Direct broadcast satellite (DBS) systems use various proprietary encryption and access control systems, essentially variants of TDES or AES schemes. (For obvious reasons, the operators do not describe the details of their encryption systems. The manufacturers of the various systems, however, are well-known.) Some of the keys used on these systems are usually contained within smart cards that are used in the consumers' set-top boxes. Other keys, usually called entitlement control messages (ECMs), are transmitted to the user as needed. Digital cable systems also use proprietary variants of these encryption methods. In many cable applications, different conditional-access methods can actually be used at the same time. For this reason, a specification called DVB Simulcrypt was developed and is now in use in the United States and abroad.
The analog hole
One way or another, a video signal must be presented to a display device. Until recently, this has been by way of an analog interface, using either composite video, S-video or modulated RF. With the advent of HDTV, this connection has evolved to a high-bandwidth component interface, usually called YPbPr. This signal is in the clear, so it is open to any use, including recording or retransmission. This leak in an otherwise secure system has been dubbed the analog hole. Various mechanisms have been employed to plug this hole, including intentional downconversion of the signal to limit its resolution, analog scrambling and watermarking.
Copy Generation Management System - Analog (CGMS-A) is a copy protection mechanism for analog television signals. In existence since 1995, it is used in devices such as PVRs and DVRs and DVD players and recorders, as well as in some television broadcasts. CGMS-A is signaled by two bits in the vertical blanking interval. By also adding a Rights Assertion Mark (RAM), copying is denied when the RAM is present but CGMS-A is not. Such a RAM can be encoded by using the proprietary VEIL watermarking technology that modifies the luminance values of pixels of selected frames of video. Equipment compliant with this technique can limit the number of copies.
Macrovision is an older, proprietary form of analog content protection used on prerecorded videotapes, VCRs and DVD players. The system operates by inserting extra pulses in the vertical blanking interval, thus interfering with the automatic gain control in a subsequent recording.
Broadcast flag uncertainty
For digital television, the industry developed the broadcast flag, technically called Digital Broadcast Television Redistribution Control. The broadcast flag rule required all digital TV demodulators to recognize and give effect to a transmitted flag by blocking the recording or output of a high-definition digital signal if the flag were set. Originally implemented in the FCC rules, to be required in all receivers as of July 2005, a federal court struck down the rule before that date. Its further use remains controversial.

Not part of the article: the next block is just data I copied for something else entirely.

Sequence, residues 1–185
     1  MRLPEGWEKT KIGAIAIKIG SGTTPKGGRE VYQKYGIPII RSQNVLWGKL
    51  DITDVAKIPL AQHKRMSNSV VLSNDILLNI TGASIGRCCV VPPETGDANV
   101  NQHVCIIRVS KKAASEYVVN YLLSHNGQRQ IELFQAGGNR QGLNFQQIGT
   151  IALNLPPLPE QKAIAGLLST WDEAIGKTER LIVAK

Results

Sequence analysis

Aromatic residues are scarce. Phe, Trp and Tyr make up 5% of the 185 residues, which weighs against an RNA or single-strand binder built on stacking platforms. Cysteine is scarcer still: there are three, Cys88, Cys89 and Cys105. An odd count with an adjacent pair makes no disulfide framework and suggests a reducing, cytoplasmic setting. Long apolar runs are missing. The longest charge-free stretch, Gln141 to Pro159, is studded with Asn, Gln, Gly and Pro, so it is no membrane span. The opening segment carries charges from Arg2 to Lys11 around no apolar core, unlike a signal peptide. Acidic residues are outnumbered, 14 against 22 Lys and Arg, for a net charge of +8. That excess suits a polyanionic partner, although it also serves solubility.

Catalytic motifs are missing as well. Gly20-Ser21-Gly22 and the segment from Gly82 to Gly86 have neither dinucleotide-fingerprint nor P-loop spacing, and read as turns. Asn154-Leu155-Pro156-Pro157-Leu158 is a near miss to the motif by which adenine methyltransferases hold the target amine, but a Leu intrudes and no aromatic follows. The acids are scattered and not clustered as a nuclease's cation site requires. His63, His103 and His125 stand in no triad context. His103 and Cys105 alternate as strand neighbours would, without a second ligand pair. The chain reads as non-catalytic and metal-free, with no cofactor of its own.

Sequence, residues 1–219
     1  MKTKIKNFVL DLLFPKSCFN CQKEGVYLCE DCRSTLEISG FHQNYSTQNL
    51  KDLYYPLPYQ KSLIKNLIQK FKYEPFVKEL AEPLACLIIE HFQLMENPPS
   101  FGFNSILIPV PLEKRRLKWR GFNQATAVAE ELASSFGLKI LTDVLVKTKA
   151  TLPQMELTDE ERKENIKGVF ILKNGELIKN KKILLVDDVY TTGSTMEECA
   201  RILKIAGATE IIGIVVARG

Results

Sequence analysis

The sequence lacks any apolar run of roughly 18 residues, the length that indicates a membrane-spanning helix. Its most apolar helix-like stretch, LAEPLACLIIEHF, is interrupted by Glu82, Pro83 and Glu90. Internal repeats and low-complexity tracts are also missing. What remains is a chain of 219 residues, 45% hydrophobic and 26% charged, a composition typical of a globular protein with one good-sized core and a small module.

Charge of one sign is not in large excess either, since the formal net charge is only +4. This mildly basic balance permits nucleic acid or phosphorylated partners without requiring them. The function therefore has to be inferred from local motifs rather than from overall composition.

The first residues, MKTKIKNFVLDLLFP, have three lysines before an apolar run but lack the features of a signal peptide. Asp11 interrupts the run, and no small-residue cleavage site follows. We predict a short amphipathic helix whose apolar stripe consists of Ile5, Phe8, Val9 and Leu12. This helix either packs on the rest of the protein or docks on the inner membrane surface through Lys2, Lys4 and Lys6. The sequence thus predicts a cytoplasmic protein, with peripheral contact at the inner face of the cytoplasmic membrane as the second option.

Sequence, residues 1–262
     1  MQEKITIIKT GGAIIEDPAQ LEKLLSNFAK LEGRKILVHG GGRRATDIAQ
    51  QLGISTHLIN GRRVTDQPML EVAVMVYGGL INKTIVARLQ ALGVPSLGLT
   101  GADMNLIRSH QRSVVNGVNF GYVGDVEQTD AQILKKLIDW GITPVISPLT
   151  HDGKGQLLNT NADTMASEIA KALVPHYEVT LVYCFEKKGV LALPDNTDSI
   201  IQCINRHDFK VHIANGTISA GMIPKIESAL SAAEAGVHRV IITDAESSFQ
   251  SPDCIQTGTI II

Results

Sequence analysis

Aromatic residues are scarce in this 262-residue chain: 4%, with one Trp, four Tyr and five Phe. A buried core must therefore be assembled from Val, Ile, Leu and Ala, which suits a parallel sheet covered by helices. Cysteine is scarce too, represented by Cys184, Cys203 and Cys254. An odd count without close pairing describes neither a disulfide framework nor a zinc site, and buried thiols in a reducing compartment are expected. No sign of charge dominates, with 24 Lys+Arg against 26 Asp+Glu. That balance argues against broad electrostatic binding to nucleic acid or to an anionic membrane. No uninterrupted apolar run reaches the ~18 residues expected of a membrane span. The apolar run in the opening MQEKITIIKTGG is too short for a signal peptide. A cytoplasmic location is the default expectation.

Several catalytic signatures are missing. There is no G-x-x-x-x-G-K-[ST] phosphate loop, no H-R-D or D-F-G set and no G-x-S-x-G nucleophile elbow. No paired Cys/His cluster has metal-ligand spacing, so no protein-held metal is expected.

Digital output protection
Created by the Digital Display Working Group, the Digital Visual Interface (DVI) is an analog and/or digital interface that can carry HDTV video. However, the appeal of a combined interface carrying video and audio soon led to the development of an all-digital interface: HDMI. The ability to transmit full-bandwidth digital HDTV across these interfaces also led to the development of HDCP, or high-bandwidth digital content protection. Using stream cipher encryption, a set of 56-bit keys is used to protect the content. An authentication process blocks nonlicensed devices, and key revocation procedures ensure that illegal devices can be permanently blocked from receiving data.
Digital Transmission Content Protection (DTCP) is an older encryption standard that allowed a digital set-top box to send protected content over the IEEE 1394 (FireWire) standard. The DTCP specification is proprietary and is disseminated only to licensed manufacturers. The interface has not achieved widespread use for consumer video displays, so DTCP has essentially been overtaken by HDCP.
DRM and business models
As we transition to all-digital content distribution, consumers are eager to use more of it from content distributors. They, in turn, are challenged to work out new business models that balance access with fair use. The best of all possible worlds will be one where DRM tools facilitate rather than undermine these relationships. In the end, everyone will benefit.
Aldo Cugnini is a consultant in the digital television industry.